Remember those glorious things called yoga studios? Pre-pandemic, so many of us relished the experience of slipping away from our desks, our obligations, our lives for a while and practicing yoga in a white-walled, plant-filled, candle-bedecked space.

Now, a sliver of real estate between our TVs and coffee table or a spare bedroom with our kids’ traveling soccer league trophies have been transformed into makeshift yoga spaces. Blocks and bolsters have been replaced with books and couch pillows. The calming chirr of our instructor’s voice has morphed into tinny echoes on Zoom.

But, amidst all these unsettling changes, one perk sticks out: Feeling liberated from judgment and that green-eyed monster. Even though we know (and our instructors often remind us) that nobody in the class cares what we’re doing, it’s hard not to look around and compare your wobbly tree pose to the unwavering perfection of the 74-year-old male yogi in the front left-hand corner.

Well, we thought we weren’t being judged, that is. But about a week in we realized our four-legged friends were watching, and they were not on board. What’s up with that? In a popular article that’s bubbled up from The Cut, titled “Why Does My Dog Act So Rude When I do Yoga?” writer Maggie Lange does a deep dive into this phenomenon. Why do pups growl, bark, and jump on us like crazy the moment we start flowing?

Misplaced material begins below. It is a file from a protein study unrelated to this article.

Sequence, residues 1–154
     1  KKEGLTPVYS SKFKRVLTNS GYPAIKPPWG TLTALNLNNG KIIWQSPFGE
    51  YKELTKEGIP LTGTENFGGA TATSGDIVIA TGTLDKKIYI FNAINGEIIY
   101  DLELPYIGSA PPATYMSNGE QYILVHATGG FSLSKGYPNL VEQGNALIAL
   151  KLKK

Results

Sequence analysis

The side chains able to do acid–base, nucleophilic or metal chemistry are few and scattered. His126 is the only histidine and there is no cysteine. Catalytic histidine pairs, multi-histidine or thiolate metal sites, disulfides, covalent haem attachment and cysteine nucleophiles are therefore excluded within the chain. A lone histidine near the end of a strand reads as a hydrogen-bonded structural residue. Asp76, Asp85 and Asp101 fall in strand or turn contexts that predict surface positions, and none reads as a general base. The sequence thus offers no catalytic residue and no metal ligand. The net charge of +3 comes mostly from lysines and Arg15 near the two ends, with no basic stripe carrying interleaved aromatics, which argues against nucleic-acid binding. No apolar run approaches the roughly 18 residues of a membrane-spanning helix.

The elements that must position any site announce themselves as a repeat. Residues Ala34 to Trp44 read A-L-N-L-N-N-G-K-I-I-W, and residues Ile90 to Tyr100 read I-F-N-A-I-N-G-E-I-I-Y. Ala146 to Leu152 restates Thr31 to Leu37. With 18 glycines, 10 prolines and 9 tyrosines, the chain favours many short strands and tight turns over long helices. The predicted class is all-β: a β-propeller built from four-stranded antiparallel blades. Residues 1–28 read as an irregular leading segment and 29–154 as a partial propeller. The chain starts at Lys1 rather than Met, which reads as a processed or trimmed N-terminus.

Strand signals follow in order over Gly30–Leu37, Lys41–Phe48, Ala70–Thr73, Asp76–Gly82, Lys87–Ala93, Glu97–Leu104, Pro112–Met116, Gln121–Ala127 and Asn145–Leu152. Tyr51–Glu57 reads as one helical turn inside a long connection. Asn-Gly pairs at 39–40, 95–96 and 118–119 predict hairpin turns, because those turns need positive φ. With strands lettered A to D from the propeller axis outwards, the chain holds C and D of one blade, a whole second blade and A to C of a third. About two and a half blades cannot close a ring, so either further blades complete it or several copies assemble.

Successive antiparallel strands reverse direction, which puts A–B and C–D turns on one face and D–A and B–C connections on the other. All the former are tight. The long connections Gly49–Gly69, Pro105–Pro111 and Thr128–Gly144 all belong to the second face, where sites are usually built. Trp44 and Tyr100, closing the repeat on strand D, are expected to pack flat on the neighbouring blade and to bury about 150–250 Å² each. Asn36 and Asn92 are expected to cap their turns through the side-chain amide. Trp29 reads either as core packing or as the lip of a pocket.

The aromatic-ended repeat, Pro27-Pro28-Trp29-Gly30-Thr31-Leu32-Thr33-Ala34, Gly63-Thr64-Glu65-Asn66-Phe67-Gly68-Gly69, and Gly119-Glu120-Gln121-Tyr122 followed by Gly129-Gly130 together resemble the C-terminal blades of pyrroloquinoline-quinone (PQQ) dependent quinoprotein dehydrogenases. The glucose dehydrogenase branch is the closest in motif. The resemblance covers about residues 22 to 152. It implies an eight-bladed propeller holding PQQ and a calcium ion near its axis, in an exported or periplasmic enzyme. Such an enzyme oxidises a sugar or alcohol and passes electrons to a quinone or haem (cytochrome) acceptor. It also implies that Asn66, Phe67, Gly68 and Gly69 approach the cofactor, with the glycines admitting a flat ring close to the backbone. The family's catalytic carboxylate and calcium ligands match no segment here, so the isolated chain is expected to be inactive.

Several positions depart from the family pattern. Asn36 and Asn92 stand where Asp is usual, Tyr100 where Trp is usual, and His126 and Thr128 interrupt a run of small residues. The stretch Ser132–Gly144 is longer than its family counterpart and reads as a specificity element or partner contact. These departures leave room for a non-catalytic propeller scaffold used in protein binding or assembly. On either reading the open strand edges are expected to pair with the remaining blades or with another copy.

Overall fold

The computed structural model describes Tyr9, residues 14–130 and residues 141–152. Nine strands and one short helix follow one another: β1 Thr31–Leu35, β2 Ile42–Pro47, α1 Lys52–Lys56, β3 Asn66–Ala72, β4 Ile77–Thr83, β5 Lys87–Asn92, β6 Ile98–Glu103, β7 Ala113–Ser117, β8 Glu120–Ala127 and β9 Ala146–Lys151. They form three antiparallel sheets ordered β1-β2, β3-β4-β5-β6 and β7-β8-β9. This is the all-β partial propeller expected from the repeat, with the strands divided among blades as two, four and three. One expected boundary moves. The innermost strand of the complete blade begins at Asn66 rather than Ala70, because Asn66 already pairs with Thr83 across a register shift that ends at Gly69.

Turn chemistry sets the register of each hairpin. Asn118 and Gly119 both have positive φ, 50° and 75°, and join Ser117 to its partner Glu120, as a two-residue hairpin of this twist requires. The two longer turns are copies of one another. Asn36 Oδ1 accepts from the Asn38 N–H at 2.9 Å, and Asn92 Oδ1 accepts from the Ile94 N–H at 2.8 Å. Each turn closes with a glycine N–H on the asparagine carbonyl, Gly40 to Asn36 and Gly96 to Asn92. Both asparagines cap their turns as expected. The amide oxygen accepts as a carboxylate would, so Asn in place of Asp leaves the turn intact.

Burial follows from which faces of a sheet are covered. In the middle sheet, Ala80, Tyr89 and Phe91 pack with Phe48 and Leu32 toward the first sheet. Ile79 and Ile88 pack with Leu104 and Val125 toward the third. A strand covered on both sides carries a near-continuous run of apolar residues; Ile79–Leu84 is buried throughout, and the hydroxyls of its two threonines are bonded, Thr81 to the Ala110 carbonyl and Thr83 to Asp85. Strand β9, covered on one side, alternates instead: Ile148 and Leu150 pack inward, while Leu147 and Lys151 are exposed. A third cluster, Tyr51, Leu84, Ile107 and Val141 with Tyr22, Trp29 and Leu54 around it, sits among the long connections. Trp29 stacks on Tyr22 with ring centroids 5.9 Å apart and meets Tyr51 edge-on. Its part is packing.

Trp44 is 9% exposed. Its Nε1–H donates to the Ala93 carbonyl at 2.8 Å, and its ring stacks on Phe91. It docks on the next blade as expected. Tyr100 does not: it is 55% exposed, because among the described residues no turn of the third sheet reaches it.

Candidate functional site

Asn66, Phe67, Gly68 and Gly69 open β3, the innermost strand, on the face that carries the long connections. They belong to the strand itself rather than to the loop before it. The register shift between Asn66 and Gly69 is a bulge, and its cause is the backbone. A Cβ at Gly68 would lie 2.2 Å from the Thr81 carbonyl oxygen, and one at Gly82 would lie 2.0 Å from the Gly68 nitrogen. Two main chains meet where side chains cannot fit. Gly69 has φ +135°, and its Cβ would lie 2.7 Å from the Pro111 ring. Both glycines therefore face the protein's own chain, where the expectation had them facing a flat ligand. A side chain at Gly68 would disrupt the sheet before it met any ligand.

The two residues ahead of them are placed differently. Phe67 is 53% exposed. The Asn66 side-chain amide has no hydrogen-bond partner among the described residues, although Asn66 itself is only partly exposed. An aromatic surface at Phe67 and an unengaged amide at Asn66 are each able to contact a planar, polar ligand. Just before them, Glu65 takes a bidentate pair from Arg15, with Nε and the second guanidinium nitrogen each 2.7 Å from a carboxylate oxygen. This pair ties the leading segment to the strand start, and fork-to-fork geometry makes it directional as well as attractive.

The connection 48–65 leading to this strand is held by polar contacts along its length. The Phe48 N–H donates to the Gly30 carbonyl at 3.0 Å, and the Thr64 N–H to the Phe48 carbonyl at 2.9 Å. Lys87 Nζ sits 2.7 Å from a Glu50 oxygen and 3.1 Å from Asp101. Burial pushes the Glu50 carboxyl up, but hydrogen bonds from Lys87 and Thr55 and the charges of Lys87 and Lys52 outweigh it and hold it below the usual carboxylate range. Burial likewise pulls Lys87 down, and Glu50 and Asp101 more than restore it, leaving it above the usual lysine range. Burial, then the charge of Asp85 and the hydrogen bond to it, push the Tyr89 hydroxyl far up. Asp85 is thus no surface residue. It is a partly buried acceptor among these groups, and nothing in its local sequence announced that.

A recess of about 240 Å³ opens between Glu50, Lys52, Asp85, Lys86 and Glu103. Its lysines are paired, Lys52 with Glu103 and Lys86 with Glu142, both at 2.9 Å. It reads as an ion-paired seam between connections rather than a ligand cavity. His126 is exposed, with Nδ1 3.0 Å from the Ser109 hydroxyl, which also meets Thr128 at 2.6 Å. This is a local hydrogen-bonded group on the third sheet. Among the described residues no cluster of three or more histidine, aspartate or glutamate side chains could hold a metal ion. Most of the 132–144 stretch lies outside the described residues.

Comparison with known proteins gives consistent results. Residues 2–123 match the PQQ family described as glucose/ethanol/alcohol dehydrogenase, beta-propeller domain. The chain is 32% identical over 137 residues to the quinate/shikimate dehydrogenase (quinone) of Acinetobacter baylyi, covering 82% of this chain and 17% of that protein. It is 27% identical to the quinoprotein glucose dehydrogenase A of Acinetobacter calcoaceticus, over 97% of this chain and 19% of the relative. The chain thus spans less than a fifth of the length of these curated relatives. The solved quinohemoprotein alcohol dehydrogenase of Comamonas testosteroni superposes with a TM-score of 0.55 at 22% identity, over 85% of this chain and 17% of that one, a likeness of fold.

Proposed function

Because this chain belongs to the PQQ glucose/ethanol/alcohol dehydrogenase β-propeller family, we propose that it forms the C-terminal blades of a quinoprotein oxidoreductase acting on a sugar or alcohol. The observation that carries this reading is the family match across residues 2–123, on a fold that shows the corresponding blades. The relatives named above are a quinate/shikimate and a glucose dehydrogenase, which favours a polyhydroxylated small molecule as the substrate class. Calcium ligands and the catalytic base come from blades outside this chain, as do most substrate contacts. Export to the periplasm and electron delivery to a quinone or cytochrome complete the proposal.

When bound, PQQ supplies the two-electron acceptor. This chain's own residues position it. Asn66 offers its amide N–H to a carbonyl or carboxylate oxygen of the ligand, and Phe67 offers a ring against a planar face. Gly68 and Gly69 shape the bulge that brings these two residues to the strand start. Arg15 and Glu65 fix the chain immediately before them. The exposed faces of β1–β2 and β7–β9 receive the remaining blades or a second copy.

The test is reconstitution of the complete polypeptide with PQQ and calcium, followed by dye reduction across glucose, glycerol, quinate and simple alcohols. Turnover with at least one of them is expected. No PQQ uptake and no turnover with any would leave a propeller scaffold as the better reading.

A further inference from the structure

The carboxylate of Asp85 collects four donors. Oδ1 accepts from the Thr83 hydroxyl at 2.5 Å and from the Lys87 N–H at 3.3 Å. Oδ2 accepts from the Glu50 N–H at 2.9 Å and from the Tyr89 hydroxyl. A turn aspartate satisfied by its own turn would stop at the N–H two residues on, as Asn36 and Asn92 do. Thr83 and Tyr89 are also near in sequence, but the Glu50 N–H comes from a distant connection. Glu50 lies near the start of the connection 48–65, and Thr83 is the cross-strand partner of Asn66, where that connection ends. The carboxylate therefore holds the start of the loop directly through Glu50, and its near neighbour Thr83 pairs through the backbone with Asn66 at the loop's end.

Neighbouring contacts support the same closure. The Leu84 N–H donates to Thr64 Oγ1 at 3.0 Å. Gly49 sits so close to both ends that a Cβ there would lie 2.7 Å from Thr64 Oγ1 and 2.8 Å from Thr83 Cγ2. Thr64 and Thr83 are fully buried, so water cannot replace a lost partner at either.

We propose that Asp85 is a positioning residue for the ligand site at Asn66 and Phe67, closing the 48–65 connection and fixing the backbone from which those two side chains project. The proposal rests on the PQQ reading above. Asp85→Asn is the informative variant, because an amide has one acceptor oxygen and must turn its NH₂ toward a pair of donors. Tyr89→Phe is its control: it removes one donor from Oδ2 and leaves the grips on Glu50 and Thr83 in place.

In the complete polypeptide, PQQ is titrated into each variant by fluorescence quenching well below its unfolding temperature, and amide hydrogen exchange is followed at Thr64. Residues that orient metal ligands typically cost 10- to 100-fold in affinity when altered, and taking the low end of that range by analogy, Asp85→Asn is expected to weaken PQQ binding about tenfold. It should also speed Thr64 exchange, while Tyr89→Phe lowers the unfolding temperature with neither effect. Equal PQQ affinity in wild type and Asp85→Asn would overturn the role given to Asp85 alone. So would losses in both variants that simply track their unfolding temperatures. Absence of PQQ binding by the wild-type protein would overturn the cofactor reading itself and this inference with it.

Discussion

As it turns out, your dog may not be acting derisively so much as looking for an opportunity to be included in your fun. “The barking suggests the dog’s willingness to find out more about your unfamiliar activities,” says Dr. Paul McGreevy, a professor of animal behavior and animal welfare science at the University of Sydney, noting that this moment is a chance for your dog to see if there’s an “enjoyable role” for them to participate.“Dogs are opportunists. The first response to novelty in well-socialized dogs is: What’s in this for me? Or, for Labradors: Can I eat it?”

Another theory, as Dr. Nathan Lents, a biology professor at John Jay College, relays in Lange’s piece, is that you sporting yoga clothes may symbolize to your dog that you’re about to take him or her on a fun outing, like a hike or walk in the park. Seeing as we're all in yoga clothes now virtually, oh, 23/7, that’s a lot of missed strolls to Peekamoose Mountain.

Perhaps, the best strategy for yoga-ing at home is channeling the warm energy of yoga teacher to the YouTube masses, Adriene Mishler. In her Yoga with Adriene videos, she makes it clear that her dog Benji always has a place in her at-home sanctuary.

Just don’t go giving Fido too many treats pre-class—you don’t want your pooch to out downward dog you. There go those green eyes again...